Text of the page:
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Esperanto Speakers To Gather On Whidbey Island, Celebrate Language's Arts Scene

In the 1800s, a Polish doctor wished there was an easy way for his polyglot neighbors — and everyone, really — to communicate. So, he invented a language: Esperanto. About 130 years later, it’s still around, including in the Pacific Northwest.

Jennifer Bondelid started learning the language when she was 11 years old. This week, she’s hosting workshops on Whidbey Island to promote theater and film in the language. Saturday night, she and 10 cast members will perform a play called “Connected” for those attending the 34th regional conference. I had to ask: Why?

"I have to respond: 'Why not?'" says Bondelid. "For someone from America, it doesn't seem very practical or useful, because it seems that everyone in the world speaks English.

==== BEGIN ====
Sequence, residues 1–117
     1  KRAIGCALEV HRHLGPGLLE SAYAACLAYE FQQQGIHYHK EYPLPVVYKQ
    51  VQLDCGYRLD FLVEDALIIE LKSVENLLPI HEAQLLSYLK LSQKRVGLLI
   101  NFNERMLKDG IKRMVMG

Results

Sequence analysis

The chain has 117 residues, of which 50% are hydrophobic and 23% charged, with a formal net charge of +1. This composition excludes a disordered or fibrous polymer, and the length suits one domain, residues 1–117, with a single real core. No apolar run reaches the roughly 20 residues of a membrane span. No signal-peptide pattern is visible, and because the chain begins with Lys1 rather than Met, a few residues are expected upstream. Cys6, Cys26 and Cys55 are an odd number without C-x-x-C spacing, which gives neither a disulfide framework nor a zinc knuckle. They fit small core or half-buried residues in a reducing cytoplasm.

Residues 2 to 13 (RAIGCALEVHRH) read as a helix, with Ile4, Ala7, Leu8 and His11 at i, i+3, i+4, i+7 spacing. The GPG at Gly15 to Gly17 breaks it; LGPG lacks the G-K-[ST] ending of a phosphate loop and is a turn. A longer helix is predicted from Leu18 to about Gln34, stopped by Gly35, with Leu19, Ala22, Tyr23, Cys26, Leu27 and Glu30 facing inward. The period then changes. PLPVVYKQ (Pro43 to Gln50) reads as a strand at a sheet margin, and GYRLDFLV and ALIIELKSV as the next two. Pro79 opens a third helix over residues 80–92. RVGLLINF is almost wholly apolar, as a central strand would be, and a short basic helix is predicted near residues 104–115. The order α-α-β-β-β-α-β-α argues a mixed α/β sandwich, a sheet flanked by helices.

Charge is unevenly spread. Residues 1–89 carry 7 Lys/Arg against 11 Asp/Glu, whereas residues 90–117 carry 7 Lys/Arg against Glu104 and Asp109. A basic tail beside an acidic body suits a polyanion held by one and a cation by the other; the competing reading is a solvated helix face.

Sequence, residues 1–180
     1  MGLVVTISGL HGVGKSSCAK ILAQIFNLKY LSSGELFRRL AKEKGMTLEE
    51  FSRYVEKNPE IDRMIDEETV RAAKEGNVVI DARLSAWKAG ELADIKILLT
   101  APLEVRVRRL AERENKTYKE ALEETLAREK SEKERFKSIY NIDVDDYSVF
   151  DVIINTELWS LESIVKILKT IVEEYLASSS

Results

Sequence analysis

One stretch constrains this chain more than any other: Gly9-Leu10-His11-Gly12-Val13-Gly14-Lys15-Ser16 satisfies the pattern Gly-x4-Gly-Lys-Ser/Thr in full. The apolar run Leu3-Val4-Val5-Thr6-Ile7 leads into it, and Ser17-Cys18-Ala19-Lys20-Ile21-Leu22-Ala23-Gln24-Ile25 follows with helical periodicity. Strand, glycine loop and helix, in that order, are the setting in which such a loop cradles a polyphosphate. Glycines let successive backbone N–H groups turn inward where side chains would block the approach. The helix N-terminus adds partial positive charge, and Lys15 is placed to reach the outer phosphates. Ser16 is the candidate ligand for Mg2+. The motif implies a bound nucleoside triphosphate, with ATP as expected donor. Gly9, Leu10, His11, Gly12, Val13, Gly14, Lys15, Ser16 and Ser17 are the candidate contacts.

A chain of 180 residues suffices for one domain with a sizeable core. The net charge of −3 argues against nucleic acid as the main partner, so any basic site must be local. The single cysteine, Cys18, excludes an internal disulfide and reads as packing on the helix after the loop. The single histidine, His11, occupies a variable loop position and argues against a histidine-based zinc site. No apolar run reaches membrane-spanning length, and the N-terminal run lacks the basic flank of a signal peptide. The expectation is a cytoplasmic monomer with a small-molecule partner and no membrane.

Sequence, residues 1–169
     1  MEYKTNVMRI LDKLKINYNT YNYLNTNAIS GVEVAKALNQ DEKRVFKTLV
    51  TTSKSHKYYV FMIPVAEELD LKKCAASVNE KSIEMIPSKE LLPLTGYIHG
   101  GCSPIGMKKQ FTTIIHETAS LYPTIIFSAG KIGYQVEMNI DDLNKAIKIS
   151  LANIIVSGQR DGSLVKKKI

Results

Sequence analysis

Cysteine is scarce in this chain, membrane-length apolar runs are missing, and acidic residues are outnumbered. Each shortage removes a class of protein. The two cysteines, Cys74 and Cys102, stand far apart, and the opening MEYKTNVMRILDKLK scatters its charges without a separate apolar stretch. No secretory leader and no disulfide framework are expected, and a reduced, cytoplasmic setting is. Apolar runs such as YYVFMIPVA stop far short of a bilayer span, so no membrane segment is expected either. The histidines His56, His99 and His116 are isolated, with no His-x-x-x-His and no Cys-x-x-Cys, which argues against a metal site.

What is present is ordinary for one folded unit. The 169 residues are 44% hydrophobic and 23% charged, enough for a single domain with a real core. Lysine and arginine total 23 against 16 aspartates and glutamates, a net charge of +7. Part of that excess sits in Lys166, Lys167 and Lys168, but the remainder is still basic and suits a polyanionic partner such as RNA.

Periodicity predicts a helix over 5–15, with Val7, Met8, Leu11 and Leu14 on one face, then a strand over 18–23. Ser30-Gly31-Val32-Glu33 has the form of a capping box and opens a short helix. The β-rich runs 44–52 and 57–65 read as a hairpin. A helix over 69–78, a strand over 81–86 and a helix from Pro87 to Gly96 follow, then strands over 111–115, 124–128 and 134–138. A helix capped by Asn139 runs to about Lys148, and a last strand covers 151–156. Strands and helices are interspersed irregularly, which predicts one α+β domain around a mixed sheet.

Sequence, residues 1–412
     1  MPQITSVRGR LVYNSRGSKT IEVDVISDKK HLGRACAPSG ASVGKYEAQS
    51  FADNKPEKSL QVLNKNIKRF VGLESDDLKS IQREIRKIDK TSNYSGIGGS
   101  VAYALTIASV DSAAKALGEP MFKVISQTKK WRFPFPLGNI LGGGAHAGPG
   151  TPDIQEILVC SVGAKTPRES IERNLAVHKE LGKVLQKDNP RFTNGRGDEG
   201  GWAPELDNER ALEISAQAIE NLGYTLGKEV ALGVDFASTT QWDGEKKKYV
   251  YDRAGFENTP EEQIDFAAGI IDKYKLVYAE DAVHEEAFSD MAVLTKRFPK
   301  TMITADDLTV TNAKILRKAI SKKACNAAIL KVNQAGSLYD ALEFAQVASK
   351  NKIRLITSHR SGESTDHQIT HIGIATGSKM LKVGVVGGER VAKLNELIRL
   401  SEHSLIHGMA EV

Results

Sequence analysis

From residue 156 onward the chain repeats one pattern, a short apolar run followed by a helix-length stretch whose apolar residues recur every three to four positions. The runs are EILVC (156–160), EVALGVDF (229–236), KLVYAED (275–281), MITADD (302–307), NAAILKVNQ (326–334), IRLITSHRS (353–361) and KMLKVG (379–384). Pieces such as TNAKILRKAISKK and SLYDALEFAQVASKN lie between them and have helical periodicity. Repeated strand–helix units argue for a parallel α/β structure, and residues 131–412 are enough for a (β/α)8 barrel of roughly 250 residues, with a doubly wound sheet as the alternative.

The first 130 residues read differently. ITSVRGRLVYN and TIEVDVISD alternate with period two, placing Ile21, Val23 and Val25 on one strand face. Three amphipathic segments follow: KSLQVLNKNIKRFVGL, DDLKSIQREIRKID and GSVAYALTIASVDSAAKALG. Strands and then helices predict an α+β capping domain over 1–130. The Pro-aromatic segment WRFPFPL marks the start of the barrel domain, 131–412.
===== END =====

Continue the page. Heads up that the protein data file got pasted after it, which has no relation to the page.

"But number one, not everyone in the world speaks English. And number two, many of those who do speak very bad English, not through any fault, but the fact that English is a monstrously complicated language."

For Bondelid and her fellow Esperantists, it’s a matter of practicality. They say this language is accessible, and, unlike our clunky mother tongue, it’s easy to learn. That's largely thanks to the Internet.

"When the Internet came along, it was a perfect vehicle for a grassroots movement," said Bill Harris, director of Esperanto USA. "You can encourage people all over the world to learn Esperanto and use it." 

Harris says speakers worldwide tried for decades to get Esperanto recognized as an official — even national — language. Those efforts failed and petered out, but the language has survived anyway., a site dedicated to teaching the language, has 21,000 members in the U.S. alone. And lately, the Esperanto entertainment scene has grown, too. 

A YouTube search for “Esperanto music” yields about 57,000 results, including reggae songs. It’s that performing arts scene that Bondelid and her fellow Esperantists will be adding to on Whidbey Island.